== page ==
Scientists are closing in on genetic contributors to high blood pressure and other causes of heart and cardiovascular disease. At the American Society for Human Genetics annual meeting in Los Angeles, Hopkins research associate Yen-Pei Christy Chang, Ph.D., will present evidence that a region of chromosome 1 is involved in appropriately regulating blood pressure. Her talk is scheduled for 10:15 a.m., Saturday, Nov. 8.
The scientists conducted a genome-wide analysis of 1,875 people in 585 families collected through the GenNet network of the National Heart, Lung and Blood Institutes Family Blood Pressure Program. Through their analysis, the scientists linked a region containing more than 200 known genes to blood pressure. The researchers also highlighted 24 genes whose functions might predict some role in hypertension, and closely examined nine of these genes. Their work uncovered genetic changes called single nucleotide polymorphisms (SNPs) in three of these nine that were associated with hypertension.
This region of chromosome 1 has been linked to related disorders such as type 2 diabetes and to a condition called familial hyperlipidemia (in which levels of cholesterol are high). However, this is the first analysis to identify candidate genes for additional study and to offer good evidence that more than one gene in the region is involved in blood pressure regulation, says the studys principal investigator, Aravinda Chakravarti, Ph.D., director of the McKusick-Nathans Institute of Genetic Medicine.
Joanna Downer | EurekAlert!
Repairing damaged hearts with self-healing heart cells
22.08.2017 | National University Health System
Biochemical 'fingerprints' reveal diabetes progression
22.08.2017 | Umea University
Whether you call it effervescent, fizzy, or sparkling, carbonated water is making a comeback as a beverage. Aside from quenching thirst, researchers at the University of Illinois at Urbana-Champaign have discovered a new use for these "bubbly" concoctions that will have major impact on the manufacturer of the world's thinnest, flattest, and one most useful materials -- graphene.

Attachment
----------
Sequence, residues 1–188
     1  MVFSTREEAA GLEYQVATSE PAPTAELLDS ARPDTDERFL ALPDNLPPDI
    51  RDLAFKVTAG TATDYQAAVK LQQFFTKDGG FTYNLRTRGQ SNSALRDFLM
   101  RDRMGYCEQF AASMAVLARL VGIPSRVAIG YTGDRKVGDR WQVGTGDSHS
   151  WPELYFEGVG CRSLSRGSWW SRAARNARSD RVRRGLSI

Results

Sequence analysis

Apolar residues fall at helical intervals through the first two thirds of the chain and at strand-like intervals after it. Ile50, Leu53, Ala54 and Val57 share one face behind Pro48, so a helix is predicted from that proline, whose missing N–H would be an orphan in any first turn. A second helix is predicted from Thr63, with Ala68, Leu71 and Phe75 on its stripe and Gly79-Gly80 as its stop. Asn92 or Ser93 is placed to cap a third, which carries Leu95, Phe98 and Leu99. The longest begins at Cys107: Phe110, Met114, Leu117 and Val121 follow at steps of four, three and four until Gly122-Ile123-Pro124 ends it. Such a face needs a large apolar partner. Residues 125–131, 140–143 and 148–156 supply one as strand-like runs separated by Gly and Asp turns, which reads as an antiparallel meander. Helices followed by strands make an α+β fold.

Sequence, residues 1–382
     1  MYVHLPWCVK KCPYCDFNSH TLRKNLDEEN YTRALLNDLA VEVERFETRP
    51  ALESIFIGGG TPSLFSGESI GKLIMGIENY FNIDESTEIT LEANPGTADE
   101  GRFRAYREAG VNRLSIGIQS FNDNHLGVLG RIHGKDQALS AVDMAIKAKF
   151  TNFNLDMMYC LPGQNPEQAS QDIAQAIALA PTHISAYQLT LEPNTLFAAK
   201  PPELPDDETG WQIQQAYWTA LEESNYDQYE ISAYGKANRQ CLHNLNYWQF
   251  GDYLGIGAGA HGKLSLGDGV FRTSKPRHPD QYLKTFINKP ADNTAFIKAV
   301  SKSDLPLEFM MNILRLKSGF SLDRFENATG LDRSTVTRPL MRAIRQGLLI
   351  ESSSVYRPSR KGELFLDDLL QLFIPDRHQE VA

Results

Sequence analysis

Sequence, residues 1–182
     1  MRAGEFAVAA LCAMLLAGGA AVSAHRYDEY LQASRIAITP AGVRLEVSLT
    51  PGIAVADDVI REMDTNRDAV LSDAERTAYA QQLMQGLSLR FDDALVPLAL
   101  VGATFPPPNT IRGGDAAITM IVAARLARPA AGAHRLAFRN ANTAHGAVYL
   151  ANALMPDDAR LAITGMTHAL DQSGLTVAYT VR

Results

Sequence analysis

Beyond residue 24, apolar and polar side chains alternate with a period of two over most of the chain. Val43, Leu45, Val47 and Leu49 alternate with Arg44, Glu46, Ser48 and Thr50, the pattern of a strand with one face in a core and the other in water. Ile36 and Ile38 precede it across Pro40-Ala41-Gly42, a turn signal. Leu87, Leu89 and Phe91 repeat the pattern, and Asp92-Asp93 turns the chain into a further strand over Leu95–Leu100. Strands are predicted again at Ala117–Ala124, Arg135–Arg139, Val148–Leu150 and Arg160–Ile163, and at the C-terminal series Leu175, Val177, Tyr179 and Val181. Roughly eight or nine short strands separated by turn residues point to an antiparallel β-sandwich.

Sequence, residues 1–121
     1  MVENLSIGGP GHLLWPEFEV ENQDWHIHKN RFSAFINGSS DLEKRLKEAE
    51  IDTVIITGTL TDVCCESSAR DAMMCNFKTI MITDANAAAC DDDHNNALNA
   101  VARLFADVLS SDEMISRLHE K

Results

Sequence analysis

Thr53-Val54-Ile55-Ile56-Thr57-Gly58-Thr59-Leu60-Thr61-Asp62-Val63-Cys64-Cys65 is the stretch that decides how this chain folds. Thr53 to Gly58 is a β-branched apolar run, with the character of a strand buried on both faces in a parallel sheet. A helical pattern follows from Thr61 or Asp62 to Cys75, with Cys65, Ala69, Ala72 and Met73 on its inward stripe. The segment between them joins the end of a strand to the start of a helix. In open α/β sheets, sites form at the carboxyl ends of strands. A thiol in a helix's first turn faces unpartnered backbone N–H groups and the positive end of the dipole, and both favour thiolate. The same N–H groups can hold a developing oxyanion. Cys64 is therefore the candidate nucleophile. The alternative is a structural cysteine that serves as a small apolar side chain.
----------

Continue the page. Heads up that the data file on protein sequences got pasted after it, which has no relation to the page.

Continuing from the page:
As graphene's popularity grows as an advanced "wonder" material, the speed and quality at which it can be manufactured will be paramount. With that in mind,...
Physicists at the University of Bonn have managed to create optical hollows and more complex patterns into which the light of a Bose-Einstein condensate flows. The creation of such highly low-loss structures for light is a prerequisite for complex light circuits, such as for quantum information processing for a new generation of computers. The researchers are now presenting their results in the journal Nature Photonics.
Light particles (photons) occur as tiny, indivisible portions. Many thousands of these light portions can be merged to form a single super-photon if they are...
For the first time, scientists have shown that circular RNA is linked to brain function. When a RNA molecule called Cdr1as was deleted from the genome of mice, the animals had problems filtering out unnecessary information – like patients suffering from neuropsychiatric disorders.
While hundreds of circular RNAs (circRNAs) are abundant in mammalian brains, one big question has remained unanswered: What are they actually good for? In the...
An experimental small satellite has successfully collected and delivered data on a key measurement for predicting changes in Earth's climate.
The Radiometer Assessment using Vertically Aligned Nanotubes (RAVAN) CubeSat was launched into low-Earth orbit on Nov. 11, 2016, in order to test new...
A study led by scientists of the Max Planck Institute for the Structure and Dynamics of Matter (MPSD) at the Center for Free-Electron Laser Science in Hamburg presents evidence of the coexistence of superconductivity and “charge-density-waves” in compounds of the poorly-studied family of bismuthates. This observation opens up new perspectives for a deeper understanding of the phenomenon of high-temperature superconductivity, a topic which is at the core of condensed matter research since more than 30 years. The paper by Nicoletti et al has been published in the PNAS.
Since the beginning of the 20th century, superconductivity had been observed in some metals at temperatures only a few degrees above the absolute zero (minus...
16.08.2017 | Event News
04.08.2017 | Event News
26.07.2017 | Event News
22.08.2017 | Health and Medicine
22.08.2017 | Materials Sciences
22.08.2017 | Life Sciences